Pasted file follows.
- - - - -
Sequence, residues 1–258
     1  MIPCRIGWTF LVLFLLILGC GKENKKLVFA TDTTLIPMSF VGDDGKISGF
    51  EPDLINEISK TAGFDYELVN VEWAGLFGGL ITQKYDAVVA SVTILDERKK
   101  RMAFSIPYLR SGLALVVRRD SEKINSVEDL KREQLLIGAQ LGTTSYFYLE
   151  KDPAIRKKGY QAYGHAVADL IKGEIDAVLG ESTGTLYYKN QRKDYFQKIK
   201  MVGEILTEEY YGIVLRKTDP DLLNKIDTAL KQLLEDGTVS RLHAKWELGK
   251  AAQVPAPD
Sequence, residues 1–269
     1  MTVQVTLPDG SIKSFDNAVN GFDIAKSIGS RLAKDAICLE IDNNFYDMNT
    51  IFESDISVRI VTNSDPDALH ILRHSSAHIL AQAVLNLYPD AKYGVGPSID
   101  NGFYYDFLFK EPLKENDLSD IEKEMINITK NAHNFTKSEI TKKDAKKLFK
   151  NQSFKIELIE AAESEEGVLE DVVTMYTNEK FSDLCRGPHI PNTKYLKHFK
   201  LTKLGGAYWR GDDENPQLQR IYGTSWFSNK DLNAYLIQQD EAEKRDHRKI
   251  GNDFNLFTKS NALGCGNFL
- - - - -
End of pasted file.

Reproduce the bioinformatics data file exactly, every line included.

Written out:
Sequence, residues 1–258
     1  MIPCRIGWTF LVLFLLILGC GKENKKLVFA TDTTLIPMSF VGDDGKISGF
    51  EPDLINEISK TAGFDYELVN VEWAGLFGGL ITQKYDAVVA SVTILDERKK
   101  RMAFSIPYLR SGLALVVRRD SEKINSVEDL KREQLLIGAQ LGTTSYFYLE
   151  KDPAIRKKGY QAYGHAVADL IKGEIDAVLG ESTGTLYYKN QRKDYFQKIK
   201  MVGEILTEEY YGIVLRKTDP DLLNKIDTAL KQLLEDGTVS RLHAKWELGK
   251  AAQVPAPD
Sequence, residues 1–269
     1  MTVQVTLPDG SIKSFDNAVN GFDIAKSIGS RLAKDAICLE IDNNFYDMNT
    51  IFESDISVRI VTNSDPDALH ILRHSSAHIL AQAVLNLYPD AKYGVGPSID
   101  NGFYYDFLFK EPLKENDLSD IEKEMINITK NAHNFTKSEI TKKDAKKLFK
   151  NQSFKIELIE AAESEEGVLE DVVTMYTNEK FSDLCRGPHI PNTKYLKHFK
   201  LTKLGGAYWR GDDENPQLQR IYGTSWFSNK DLNAYLIQQD EAEKRDHRKI
   251  GNDFNLFTKS NALGCGNFL